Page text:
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There is a good chance that you have voted already – the registrar of voters expects at least half of all ballots, perhaps many more, will have been cast in advance by the time Election Day, June 5, arrives.

But if you have not voted yet, please do so. There is so much at stake, and your main chance to affect policy and government at the local, state, and even national level is with your ballot.

Locally, voters are being asked to decide the fate of Measure C, which would limit when and how oak trees could be removed in the sprawling “Ag Watershed” zoning district, and Measure D, which would ban private heliports and airstrips in most of the county. Voters will also be asked to choose a supervisor for the huge Third District, which covers most of the county land outside of the incorporated towns and cities.

Regionally, voters will be asked whether to gradually hike tolls on all the area’s bridges, except the Golden Gate, by $3 to fund a wide variety of transportation projects.

At the state level, this election will decide the lineup of candidates for the top positions – governor, lieutenant governor, attorney general and a host of others. With the retirement of Gov. Jerry Brown, a dominant presence in the state for nearly half a century, California is at a historic turning point. The votes cast in this election will decide what the next generation of leadership looks like.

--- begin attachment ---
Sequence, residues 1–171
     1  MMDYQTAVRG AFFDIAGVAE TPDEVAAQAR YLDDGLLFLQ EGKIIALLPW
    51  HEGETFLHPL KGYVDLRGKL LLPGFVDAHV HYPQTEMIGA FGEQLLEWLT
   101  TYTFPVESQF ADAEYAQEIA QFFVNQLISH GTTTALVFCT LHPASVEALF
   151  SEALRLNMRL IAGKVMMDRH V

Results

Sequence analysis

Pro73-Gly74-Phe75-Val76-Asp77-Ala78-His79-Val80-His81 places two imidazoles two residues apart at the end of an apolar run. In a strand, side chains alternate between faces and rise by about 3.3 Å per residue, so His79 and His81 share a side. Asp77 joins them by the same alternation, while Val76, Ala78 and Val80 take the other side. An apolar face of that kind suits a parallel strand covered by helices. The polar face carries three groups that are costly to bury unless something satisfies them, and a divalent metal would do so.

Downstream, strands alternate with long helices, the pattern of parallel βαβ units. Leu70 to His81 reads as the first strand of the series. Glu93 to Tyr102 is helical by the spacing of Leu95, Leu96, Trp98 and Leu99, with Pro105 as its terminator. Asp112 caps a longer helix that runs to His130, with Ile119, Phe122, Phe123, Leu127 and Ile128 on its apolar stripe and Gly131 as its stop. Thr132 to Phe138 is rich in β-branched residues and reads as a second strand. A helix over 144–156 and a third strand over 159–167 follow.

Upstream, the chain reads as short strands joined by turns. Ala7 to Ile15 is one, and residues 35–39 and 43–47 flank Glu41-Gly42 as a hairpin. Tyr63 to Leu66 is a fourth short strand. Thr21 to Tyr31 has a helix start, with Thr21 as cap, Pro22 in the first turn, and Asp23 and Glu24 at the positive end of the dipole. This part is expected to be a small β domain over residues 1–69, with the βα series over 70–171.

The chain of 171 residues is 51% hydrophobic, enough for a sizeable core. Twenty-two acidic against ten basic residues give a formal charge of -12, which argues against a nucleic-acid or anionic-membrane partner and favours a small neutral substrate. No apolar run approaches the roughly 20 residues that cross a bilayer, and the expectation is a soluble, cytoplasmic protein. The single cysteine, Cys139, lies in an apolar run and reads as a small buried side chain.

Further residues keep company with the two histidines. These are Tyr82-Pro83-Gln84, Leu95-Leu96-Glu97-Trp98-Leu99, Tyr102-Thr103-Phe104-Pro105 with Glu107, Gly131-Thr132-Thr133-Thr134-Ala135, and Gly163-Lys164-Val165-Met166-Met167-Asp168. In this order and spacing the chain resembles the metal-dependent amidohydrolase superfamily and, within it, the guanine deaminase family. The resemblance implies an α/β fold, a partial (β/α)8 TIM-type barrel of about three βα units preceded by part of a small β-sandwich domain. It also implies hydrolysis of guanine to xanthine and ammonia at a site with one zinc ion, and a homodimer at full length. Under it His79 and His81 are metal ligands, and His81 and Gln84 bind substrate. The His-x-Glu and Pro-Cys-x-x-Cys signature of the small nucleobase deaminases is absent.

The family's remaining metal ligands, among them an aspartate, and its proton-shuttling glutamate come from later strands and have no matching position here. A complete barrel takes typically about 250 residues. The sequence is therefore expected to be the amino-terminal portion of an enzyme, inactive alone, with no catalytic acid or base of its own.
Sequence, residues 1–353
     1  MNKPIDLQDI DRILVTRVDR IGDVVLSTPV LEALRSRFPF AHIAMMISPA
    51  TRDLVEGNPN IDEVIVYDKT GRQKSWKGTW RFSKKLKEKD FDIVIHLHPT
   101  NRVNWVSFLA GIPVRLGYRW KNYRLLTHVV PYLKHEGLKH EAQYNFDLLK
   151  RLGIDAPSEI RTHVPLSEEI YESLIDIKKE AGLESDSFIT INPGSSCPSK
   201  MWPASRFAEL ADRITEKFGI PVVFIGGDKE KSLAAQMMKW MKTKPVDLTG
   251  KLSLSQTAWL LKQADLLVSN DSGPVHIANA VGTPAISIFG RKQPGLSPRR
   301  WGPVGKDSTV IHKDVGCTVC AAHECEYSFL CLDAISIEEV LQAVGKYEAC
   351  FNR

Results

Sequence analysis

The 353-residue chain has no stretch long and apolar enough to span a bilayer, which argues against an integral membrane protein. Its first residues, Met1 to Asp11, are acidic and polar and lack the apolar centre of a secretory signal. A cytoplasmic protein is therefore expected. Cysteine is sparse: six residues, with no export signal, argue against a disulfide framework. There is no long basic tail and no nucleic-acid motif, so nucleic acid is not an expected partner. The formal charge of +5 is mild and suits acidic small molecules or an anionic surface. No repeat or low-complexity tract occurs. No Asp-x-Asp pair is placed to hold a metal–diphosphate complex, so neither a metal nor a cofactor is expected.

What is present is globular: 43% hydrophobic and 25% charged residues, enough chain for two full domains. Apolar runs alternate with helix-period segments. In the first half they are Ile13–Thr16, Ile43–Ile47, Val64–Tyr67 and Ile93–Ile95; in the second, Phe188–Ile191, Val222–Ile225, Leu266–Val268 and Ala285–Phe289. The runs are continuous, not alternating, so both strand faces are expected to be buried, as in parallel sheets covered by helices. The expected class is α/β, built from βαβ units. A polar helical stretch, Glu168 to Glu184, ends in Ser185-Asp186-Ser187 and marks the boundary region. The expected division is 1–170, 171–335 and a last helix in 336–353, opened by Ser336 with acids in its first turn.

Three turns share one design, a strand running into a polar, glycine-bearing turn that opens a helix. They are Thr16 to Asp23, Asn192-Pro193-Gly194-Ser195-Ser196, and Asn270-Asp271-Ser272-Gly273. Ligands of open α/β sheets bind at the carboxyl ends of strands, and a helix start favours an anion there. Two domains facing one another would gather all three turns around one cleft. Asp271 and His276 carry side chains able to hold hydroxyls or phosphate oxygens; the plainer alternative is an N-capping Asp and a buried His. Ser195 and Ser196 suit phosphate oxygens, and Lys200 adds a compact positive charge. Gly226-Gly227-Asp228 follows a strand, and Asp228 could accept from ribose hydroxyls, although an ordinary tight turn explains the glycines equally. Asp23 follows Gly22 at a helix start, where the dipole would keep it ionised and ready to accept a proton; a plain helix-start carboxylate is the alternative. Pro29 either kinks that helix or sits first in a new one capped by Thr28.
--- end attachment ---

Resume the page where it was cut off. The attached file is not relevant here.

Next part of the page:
Also at the state level, voters will decide on a number of ballot measures, including a bond measure for various parks and recreation facilities, and some technical issues, including how and when future ballot measures go into effect and whether installing a rain-capture system to conserve water triggers a property reassessment or not.

At the national level, voters are asked to pick a U.S. senator and a member of the House of Representatives. Votes cast in the June primary will decide the finalists for the November ballot.

We will not rehash the arguments for or against any of these candidates or ballot measures – enough has been said over the frenzied six or eight weeks leading to this point. Chances are most minds are made up by now anyway.

What we do urge you to do is to vote. This is your chance to speak up. If you do not cast your ballot by June 5, others will decide these important issues for you.

If you have already voted, we recommend that you check whether your ballot has been received and processed. Napa County is one of five counties in the state experimenting with an all-mail vote this year and it is important for us to verify that the system is working properly. You may check your ballot at services.countyofnapa.org/VoterInfo.

If you’re still undecided on any of the key issues or candidates, we urge you to check out the state and local voter guides, which list all the candidates for all the offices, along with their biographies and formal campaign statements, and also list the official arguments for and against the state and local ballot measures.

The local voter guide is available under “Current Election” at countyofnapa.org/396/Elections.

The state and federal voter guide is available at voterguide.sos.ca.gov.

No matter what candidates you support, no matter where you stand on the divisive issues on the ballot, we urge you to take advantage of our most precious right: to govern ourselves by voting.

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The Napa Valley Register Editorial Board consists of Publisher Brenda Speth, Editor Sean Scully, and public members Cindy Webber, Ed Shenk, Mary Jean Mclaughlin and Chris Hammaker.

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